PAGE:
By Sandra Bradley, as told to Violet Jinqi Wang

I like to call myself an accidental entrepreneur.

I fell into my first entrepreneurial journey because I knew how to do something that was in hot demand — web development. Growing to meet that demand and forming a company just made sense.

It was in the early 90s — the embryonic period of the internet. I had moved to Madison from the San Francisco Bay Area for my doctoral program in Journalism and Mass Communication. I was a huge experimenter and a bit of a geek. In my spare time, I built computers and spent a lot of time online and in first-person shooter games. These experiences taught me that the best way to learn new tech skills quickly is to immerse yourself in the tech, and to connect with online communities.

At that point, the Internet was still just an abstract concept. Then the introduction of the World Wide Web made commercialization opportunities real. It was a transformative time, very much like today with the rapid introduction of disruptive tech.

I started building websites then. So many professionals wanted to learn web development, and few people were qualified to teach. The Division of Continuing Studies at UW-Madison asked me to teach basic HTML bootcamps at the start. This was a time before there were real development tools and we were hand coding in Notepad. Teaching was a great way to continually learn new things.

There was so much demand at that time, it made sense to leave the doctoral program to start a new web development boutique to take advantage of the opportunity. Looking back, entrepreneurship meant something very different for me then, compared to now. I was young and had little to lose, and there was so much demand and so little competition. I ran the boutique with as many a 15 employees and was later acquired by Hiebing, one of the biggest advertising agencies in the Midwest, to establish a new interactive practice area. I learned a lot about startup acquisition by a large entity and the adoption challenges that come with it.

The second round of my startup journey was a bit more intentional. I noticed a lot of companies were struggling with effective innovation and survivability. I had an idea to build a corporate innovation center that sparked innovation through the collaboration of corporations, startups, and universities. But it became clear that finding the right soil to grow the idea was not as easy as I first thought. After piloting some of the ideas on the UW-Madison campus, it became clear that my vision for collaboration and experiential learning while working on real-world problems had to be on neutral territory, which required a new independent company. Hyper Innovation was launched.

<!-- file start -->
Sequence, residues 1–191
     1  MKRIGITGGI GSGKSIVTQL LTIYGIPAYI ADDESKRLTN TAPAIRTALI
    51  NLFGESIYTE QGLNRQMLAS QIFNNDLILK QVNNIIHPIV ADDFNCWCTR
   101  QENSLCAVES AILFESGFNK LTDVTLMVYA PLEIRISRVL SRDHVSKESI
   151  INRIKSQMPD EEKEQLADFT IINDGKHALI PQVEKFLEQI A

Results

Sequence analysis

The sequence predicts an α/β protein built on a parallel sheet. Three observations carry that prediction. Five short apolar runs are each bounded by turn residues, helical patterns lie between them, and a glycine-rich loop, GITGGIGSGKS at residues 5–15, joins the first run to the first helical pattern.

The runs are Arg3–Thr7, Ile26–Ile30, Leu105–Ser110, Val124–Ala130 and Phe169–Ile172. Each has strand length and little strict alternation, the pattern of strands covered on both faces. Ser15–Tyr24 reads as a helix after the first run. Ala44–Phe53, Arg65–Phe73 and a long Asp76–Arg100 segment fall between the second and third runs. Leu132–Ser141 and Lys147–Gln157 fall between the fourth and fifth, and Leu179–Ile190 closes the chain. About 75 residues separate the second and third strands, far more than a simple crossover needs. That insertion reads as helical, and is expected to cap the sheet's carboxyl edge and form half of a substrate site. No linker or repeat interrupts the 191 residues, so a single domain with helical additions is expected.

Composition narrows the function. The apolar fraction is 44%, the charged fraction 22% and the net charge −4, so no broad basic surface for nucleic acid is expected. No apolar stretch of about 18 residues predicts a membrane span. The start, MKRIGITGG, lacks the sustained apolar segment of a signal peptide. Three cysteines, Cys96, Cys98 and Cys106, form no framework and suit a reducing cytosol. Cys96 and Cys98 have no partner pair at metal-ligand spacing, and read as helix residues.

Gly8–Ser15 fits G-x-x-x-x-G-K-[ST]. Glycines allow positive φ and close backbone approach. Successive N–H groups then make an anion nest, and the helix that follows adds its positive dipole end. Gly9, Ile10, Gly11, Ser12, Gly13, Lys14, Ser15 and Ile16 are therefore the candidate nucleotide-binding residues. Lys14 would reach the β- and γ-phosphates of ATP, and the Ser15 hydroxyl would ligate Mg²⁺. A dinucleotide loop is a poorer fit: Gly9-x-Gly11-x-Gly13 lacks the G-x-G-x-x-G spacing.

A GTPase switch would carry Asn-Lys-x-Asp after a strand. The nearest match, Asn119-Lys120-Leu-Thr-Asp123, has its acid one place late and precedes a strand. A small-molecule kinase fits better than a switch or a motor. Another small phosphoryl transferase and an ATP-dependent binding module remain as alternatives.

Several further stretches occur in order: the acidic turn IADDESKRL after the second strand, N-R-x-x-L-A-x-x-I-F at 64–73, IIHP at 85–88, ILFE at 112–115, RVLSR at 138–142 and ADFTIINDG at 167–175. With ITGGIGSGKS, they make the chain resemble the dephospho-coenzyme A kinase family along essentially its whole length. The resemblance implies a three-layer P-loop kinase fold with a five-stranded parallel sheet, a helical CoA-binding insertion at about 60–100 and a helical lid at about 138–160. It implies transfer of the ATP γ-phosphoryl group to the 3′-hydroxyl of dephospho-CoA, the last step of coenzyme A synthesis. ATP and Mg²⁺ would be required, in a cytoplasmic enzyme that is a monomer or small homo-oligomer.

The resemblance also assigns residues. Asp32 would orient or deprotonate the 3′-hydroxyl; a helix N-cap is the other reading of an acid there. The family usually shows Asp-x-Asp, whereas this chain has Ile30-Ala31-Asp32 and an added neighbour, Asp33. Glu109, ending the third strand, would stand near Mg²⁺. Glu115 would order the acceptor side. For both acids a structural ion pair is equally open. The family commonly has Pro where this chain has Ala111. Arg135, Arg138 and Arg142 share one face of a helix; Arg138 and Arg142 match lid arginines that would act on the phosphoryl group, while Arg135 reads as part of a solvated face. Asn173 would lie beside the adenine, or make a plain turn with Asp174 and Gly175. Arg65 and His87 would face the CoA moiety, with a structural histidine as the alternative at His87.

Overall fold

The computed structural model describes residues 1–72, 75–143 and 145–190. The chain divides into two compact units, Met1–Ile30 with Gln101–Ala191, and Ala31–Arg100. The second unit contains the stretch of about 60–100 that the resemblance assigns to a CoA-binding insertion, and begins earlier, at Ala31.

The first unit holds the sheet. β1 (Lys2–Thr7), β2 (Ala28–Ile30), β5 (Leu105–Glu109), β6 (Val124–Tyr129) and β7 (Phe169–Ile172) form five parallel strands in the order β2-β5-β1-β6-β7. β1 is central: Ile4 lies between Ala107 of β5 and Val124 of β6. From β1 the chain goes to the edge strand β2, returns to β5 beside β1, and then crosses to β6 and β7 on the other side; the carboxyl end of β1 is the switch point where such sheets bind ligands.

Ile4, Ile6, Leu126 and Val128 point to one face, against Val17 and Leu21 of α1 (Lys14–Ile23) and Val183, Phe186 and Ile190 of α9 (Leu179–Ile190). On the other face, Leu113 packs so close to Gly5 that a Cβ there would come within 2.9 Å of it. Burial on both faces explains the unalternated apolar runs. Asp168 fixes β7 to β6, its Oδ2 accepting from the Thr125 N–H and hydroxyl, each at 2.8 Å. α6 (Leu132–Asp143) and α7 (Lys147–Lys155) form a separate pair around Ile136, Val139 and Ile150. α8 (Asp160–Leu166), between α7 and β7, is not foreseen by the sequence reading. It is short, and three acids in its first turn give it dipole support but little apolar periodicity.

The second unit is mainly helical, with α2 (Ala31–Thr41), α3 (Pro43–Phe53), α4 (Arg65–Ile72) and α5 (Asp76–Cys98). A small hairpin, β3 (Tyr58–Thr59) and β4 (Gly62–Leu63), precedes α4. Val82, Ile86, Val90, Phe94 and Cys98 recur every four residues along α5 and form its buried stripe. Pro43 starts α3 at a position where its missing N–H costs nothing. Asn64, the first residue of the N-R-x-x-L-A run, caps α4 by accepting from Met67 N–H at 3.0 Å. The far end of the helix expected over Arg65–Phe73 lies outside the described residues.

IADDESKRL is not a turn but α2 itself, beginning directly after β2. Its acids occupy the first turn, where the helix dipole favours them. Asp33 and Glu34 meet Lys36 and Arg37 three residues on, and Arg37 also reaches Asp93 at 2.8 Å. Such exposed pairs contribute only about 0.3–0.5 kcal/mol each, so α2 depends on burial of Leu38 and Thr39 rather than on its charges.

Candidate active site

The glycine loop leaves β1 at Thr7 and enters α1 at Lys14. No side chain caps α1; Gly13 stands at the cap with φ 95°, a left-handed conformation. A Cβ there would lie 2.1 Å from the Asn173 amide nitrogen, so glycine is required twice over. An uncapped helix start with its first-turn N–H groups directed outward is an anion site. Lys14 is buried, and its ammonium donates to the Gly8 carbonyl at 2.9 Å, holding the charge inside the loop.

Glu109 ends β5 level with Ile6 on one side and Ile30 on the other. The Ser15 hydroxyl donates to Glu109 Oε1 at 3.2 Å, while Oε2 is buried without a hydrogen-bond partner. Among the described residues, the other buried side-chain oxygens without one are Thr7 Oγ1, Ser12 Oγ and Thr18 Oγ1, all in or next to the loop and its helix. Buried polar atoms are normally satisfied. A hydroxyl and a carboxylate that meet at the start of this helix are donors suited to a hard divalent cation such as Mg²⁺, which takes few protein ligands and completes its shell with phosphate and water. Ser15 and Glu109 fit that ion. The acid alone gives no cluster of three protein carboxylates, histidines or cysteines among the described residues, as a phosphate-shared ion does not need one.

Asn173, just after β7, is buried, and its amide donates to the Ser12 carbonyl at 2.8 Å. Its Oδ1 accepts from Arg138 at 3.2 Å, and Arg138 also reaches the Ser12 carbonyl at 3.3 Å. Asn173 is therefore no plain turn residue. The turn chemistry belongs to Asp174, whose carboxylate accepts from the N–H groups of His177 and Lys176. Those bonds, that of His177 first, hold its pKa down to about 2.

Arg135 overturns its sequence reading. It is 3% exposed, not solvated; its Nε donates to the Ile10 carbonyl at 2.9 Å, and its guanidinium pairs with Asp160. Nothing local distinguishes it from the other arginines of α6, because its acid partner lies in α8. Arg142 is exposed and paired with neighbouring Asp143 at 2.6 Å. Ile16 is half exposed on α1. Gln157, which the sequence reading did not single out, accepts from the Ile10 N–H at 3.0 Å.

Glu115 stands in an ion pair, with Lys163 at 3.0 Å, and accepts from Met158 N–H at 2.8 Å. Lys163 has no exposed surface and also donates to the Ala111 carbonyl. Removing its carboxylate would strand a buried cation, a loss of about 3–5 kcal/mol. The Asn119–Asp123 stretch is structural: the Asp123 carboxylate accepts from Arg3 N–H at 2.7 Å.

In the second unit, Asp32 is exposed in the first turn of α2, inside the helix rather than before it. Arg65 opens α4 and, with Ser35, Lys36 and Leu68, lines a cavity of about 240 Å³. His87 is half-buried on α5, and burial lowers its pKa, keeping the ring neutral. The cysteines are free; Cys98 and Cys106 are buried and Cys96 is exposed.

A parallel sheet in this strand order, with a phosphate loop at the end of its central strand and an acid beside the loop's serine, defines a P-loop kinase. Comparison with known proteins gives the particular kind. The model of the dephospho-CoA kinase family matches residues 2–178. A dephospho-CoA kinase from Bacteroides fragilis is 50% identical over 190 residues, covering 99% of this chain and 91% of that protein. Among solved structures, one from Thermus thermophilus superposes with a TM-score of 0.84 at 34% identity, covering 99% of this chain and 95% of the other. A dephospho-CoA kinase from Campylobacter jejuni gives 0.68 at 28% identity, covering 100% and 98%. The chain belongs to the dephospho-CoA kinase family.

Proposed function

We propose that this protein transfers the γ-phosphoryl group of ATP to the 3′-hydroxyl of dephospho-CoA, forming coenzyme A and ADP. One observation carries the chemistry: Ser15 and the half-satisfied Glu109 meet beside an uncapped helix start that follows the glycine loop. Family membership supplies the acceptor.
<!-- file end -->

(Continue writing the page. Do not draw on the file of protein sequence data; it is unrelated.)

While I was thinking about how to execute on the idea, I was inspired by an innovative program at Cisco, Cisco Hyper Innovation Living Labs (CHILL), where they bring customers together with Cisco engineers to quickly solve existing problems. It’s all about “learning by doing,” but there are rules of engagement and processes for managing outcomes — everything from incremental innovation to new products to spinouts. I thought, “What if I take that idea and open-source it?” That was the genesis of what I am calling a Co-Innovation Lab.

Ten months in, we are gaining traction with some great companies, including Alliant Energy, CUNA Mutual Group, and American Family Insurance. Companies use us as an external problem-solving lab, an incubator to accelerate professional development, and a safe place to covertly explore disruptive ideas and partnerships.

I did wake up one morning and think, “Oh crap, I’m an entrepreneur again.” But the passion around the idea had taken hold, and I’m not sure I could have stopped it if I wanted to. There is a clear need to help companies innovate better, faster.

I am somewhat unique being a “later life stage entrepreneur” at 100State. I feel more pressure to validate my ideas quickly, I have greater personal responsibilities (parenting, mortgage, pets), and I have a greater fear of failure. Being a woman, older, and in tech is a trifecta making me stand out in a field where a lot of young men in hoodies reign. I do continue to see, unfortunately, a regular subtle misogyny from people you wouldn’t expect. Often they’re not even aware.

The words “diversity” and “inclusion” often feel like they have no meaning beyond a checkbox on an employment form. I can share any number of stories of people who preach the right mantras but aren’t fully observant of their biases and actions. To effectively advance success for all, I believe individuals and corporations have distinct roles. For individuals, especially women, it isn’t about working harder or doing more or being better. You have to step out of your comfort zone, disrupt the status quo, and continually educate and inform leadership about how to balance the table. Corporate leaders need to proactively promote diverse thinking and inclusive communities in their organizations, instead of just paying lip service to the ideals. This is one area we target directly through executive programming at Hyper Innovation.

Being an accidental entrepreneur doesn’t mean unintentional. As one of my colleagues likes to say, the reality is that being an entrepreneur is hard: You have to work long hours, you’re lonely, and you probably make less money. But, for me, there is important work to do. The market need, your passion, and the idea drive everything. I’ve found my purpose planting the seeds of disruption as an entrepreneur.

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